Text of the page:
Huawei’s rebirth as cloud provider faces total U.S. export ban threat
Huawei Technologies’ pivot away from smartphones toward cloud technology and other business solutions faces a new threat: U.S. sanctions that now cover just high-performance semiconductors could be extended to all products.
At this year’s Mobile World Congress in Barcelona, which wrapped up Thursday, Huawei easily occupied the largest space among exhibitors, filling 9,000 sq. meters right near the entrance.
Presenters guided attendees through the Chinese company’s forays into digitizing ports and other infrastructure, as well as the company’s work in health tech. One British employee of a software development company said the advanced technology on display was unlike anything he has ever seen.
But there was one thing missing from Huawei’s demos at the four-day event: new smartphones. The expo had been a stage for the company’s splashy mobile phone launches in previous years.
This year, consumer devices were barely a part of displays, an absence explained by U.S. trade restrictions imposed on Huawei.
The U.S. Commerce Department first slapped Huawei with export controls against the company’s suppliers in 2019, with officials citing national security risks over the possibility that the Chinese government could access sensitive data.
Although Huawei has rejected the rationale for the controls, Washington toughened restrictions in September 2020 by banning the export of semiconductors produced with U.S. technology.
That move cut Huawei’s access to high-performance semiconductors needed for 5G-compatible smartphones, a devastating blow to all of its mobile operations.
Huawei launched its first 5G smartphones in August 2019, which drew over 1 million preorders. Now, “there are no 5G smartphones in stock” from the company, according to a source at a Guangzhou retailer. Only Huawei’s 4G phones were on display at the store.
In November 2020, Huawei sold off its low-end phone brand Honor in a move geared toward maneuvering around U.S. sanctions. Annual revenue peaked in 2020, then went on a downward slide. In 2021, the consumer products segment, which includes smartphones, turned in half the revenue of the previous year. The segment accounted for more than half total sales.
Accordingly, Huawei focused resources on business-products. Huawei recruited experts from an assortment of sectors, such as energy and finance, to develop digitization solutions for corporate clients.
Huawei organized these business-to-business units into internal “corps,” and the company broadened its cloud service offerings. Huawei is also expanding operations providing components and systems to automobile manufacturers.
Thanks to this organizational revamp, Huawei appears to have halted the drop in revenue. Sales appear to have stood at 636.9 billion yuan ($92.1 billion) last year, which was largely unchanged from 2021.
“2023 will be the first year that we return to business as usual with [U.S.] restrictions still in place,” rotating Chairman Eric Xu said in December. “It will be a crucial year for us.”
However, the U.S. is preparing to fire off another round of sanctions just as Huawei is regaining its footing.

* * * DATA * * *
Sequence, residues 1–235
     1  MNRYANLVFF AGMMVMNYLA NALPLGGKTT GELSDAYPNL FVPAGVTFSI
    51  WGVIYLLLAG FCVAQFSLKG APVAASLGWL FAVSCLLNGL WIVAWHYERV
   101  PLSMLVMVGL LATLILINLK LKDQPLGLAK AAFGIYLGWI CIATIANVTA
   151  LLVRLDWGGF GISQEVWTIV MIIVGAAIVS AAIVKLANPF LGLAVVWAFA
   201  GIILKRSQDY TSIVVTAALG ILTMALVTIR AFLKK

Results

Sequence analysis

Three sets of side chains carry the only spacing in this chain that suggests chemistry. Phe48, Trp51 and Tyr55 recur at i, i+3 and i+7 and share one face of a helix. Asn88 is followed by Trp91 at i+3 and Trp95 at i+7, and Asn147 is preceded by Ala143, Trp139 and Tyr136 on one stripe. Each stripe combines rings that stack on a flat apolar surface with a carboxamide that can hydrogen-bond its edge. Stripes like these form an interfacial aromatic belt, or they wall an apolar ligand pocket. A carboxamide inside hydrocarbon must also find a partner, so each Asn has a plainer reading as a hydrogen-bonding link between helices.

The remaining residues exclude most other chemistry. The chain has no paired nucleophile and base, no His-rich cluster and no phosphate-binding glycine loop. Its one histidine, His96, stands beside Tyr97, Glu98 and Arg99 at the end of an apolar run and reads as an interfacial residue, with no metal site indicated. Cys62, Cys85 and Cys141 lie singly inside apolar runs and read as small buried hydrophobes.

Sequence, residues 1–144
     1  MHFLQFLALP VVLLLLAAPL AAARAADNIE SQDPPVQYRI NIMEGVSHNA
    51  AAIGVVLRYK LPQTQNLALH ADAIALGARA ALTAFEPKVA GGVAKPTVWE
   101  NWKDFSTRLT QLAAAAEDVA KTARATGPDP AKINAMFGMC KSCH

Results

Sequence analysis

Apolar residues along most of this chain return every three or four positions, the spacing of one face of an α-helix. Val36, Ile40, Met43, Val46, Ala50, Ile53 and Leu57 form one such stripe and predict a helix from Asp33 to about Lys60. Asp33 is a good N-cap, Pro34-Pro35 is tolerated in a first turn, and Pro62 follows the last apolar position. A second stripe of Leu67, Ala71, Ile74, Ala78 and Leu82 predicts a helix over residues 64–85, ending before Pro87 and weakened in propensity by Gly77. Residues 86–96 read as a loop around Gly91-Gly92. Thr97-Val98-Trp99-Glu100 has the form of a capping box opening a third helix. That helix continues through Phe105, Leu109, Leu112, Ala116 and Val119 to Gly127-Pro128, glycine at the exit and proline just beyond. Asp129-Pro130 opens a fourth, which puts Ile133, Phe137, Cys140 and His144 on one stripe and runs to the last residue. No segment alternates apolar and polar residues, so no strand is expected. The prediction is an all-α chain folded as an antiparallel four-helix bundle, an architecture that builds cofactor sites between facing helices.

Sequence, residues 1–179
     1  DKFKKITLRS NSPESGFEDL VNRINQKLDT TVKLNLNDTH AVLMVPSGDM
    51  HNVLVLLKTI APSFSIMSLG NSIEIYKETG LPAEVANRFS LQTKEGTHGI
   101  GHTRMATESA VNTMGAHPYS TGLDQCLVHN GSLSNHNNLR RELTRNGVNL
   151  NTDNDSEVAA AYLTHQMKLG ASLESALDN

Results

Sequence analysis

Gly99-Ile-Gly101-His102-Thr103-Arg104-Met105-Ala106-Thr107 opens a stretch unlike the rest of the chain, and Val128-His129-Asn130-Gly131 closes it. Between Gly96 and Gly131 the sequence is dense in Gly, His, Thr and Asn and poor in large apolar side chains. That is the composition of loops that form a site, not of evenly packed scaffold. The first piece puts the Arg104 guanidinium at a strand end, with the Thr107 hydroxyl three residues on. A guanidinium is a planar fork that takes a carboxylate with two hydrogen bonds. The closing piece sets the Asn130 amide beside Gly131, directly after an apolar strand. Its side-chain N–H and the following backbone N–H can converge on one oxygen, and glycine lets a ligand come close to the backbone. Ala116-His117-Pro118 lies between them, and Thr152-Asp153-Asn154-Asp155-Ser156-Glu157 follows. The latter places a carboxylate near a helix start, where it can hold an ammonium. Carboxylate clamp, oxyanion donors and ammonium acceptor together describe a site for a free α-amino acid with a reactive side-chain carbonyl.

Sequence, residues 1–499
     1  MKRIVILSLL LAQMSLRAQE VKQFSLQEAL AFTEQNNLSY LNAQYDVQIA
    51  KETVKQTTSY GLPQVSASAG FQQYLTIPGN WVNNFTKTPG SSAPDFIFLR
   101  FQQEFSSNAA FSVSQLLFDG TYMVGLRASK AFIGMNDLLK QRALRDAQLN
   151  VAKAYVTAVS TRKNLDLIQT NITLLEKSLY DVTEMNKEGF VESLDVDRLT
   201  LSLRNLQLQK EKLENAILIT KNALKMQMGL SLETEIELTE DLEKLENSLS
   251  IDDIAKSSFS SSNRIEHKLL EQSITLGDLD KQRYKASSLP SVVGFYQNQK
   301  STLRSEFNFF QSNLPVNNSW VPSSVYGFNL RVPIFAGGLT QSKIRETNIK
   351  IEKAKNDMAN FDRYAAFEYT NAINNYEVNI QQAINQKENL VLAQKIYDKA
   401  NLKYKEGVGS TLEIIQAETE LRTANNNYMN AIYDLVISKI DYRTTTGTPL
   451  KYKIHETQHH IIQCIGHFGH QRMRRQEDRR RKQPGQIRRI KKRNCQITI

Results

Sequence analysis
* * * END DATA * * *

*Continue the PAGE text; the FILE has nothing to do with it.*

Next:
Alan Estevez, the U.S. Commerce Department’s undersecretary for industry, said at a congressional hearing Tuesday that a rule allowing Huawei to access technology up to a certain level is “under assessment.”
This suggests the U.S. could block all exports to the company.
The Commerce Department has added Huawei to the Entity List, a roster of sanctioned businesses, allowing it to import off-the-shelf products on a case-by-case basis.
The Biden administration is considering a rule that would not only ban U.S. companies from directly doing business with Huawei, but would also prohibit exports to companies in third countries that supply Huawei, according to U.S. media reports.
This move would very likely cancel permits granted to U.S. companies Intel and Qualcomm to sell certain products to Huawei.
Lawmakers in Congress have criticized the current export control regime as having too many loopholes. The Biden administration continues to deal with the fallout from a Chinese surveillance balloon entering U.S. airspace.
There is also the issue of Russia importing basic semiconductors from China to install in weapons used to attack Ukraine.
Amid this backdrop, the Biden administration has made a hard turn toward tighter sanctions.
Many in the U.S. media have predicted that tougher sanctions would strike a deep blow against Huawei. When it comes to hardware, Huawei has a wide range of non-smartphone consumer devices, such as televisions, personal computers and smartwatches.
Fresh trade restrictions from the U.S. would expose these product lines to disruptions in output.
The impact is expected to be more limited for cloud and other services. At the same time, Huawei’s mainstay telecommunications segment, which makes base stations, accounted for over 40% of the group revenue in 2021. New sanctions could deliver a sharp hit to this.
Huawei remains the global leader in base stations, holding a 30% market share. The company has partnered with telecoms worldwide in providing 5G services.
If the U.S. imposes across-the-board sanctions on Huawei “it would make securing components difficult, and it may disrupt the maintenance of base stations,” said a source close to the company.
When Huawei founder and CEO Ren Zhengfei held a news conference at the company’s Shenzhen headquarters in May 2019, he displayed a photo of a badly damaged Soviet Ilyushin aircraft from World War II that made it back to base. He likened the fighter plane to Huawei’s struggles with the U.S.
“Even if we are beat up, we will make it out alive,” said Ren. Nikkei Asia
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